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Developing apparatus with contact-free light trap
4176939 Developing apparatus with contact-free light trap
Patent Drawings:Drawing: 4176939-2    
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Inventor: Leuchter
Date Issued: December 4, 1979
Application: 05/830,442
Filed: September 6, 1977
Inventors: Leuchter; Jurgen (Tutzing, DE)
Assignee: AGFA-Gevaert, A.G. (Leverkusen, DE)
Primary Examiner: Griffin; Donald A.
Assistant Examiner: Mathews; Alan
Attorney Or Agent: Striker; Michael J.
U.S. Class: 396/589; 396/598
Field Of Search: 354/277; 354/307; 354/308; 354/310; 354/311; 354/312; 354/313; 354/314; 354/315; 354/316; 354/319; 354/320; 354/321; 354/322; 354/338; 354/339; 134/64P; 134/122P
International Class: G03D 3/13
U.S Patent Documents: 2475973; 2732779; 3593640; 3672290; 3879030
Foreign Patent Documents:
Other References:









Abstract: A developing apparatus for photographic material has at least two containers for treating baths. These are so arranged that the photographic material travels through them in succession. A light trap connects the containers and the photographic material issuing from the upstream containers travels in a straight-line path through the light trap to reach the downstream container.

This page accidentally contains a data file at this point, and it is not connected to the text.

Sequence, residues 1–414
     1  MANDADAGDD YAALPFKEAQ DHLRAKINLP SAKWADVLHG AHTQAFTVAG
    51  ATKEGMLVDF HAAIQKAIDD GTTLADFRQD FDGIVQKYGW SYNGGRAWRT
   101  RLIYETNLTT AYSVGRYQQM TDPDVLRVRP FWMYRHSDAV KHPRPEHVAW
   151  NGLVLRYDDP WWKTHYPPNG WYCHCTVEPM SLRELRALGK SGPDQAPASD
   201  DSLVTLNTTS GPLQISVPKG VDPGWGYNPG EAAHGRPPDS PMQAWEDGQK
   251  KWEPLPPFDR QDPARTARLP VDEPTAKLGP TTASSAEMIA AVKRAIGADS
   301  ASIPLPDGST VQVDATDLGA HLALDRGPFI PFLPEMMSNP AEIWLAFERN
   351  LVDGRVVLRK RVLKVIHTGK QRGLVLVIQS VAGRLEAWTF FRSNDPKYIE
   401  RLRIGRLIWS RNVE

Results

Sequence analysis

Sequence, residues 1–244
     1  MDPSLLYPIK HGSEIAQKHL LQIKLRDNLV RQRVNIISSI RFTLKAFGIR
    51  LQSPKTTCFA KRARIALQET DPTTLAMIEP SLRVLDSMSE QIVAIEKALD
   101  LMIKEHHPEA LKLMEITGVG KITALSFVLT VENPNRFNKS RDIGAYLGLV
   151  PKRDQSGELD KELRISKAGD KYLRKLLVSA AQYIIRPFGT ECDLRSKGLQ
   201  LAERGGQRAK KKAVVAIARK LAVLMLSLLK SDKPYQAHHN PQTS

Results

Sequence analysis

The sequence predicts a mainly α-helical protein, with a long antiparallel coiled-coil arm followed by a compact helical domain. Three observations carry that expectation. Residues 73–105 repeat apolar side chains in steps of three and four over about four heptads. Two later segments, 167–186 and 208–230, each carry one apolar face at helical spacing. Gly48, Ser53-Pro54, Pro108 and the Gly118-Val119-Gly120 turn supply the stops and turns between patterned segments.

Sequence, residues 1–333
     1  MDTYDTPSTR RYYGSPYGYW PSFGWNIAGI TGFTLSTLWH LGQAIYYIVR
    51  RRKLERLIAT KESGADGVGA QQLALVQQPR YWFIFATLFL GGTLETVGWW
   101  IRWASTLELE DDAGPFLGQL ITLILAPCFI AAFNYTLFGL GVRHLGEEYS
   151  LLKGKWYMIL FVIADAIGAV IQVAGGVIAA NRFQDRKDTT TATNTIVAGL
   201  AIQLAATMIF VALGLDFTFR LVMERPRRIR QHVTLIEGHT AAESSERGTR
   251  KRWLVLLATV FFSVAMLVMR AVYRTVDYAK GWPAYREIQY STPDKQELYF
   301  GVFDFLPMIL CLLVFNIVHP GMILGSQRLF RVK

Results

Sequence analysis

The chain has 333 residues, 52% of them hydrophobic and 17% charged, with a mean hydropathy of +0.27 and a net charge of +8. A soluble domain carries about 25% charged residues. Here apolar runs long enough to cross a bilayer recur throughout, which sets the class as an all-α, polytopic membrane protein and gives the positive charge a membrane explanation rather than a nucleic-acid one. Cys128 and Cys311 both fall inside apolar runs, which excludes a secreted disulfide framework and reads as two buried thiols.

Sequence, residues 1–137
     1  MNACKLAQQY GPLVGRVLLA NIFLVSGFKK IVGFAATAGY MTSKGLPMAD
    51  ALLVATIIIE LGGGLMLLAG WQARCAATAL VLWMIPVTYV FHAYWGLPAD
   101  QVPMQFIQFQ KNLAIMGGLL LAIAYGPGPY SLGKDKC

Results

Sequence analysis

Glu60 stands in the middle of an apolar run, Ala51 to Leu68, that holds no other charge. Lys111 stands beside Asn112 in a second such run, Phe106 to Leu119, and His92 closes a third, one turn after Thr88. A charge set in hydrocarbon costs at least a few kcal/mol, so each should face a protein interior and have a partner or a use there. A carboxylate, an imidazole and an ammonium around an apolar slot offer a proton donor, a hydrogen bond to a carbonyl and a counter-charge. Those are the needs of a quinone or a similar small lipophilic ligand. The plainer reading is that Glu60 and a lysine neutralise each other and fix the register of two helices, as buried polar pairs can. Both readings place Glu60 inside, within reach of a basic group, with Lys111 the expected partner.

Claim: What is claimed as new and desired to be protected by Letters Patent is set forth in the appended claims.

1. In an apparatus for developing photographic materials, a combination comprising atleast two adjacent containers each adapted to contain a treating bath for photographic material, said containers having respective ports which face one another; and means forming a passage which connects said ports and through which the photographicmaterial travels from one to the other of said containers, including light trap means in said passage which defines for the photographic material a substantially straight-line travel path dimensioned and configurated for avoiding contact of saidlight-trap means with emulsion-carrying surfaces of said photographic material, said light-trap means including a circumferential wall and a plurality of baffles projecting inwardly of said wall at locations spaced lengthwise of said passage and formingat least two compartments through which the photographic material is compelled to pass.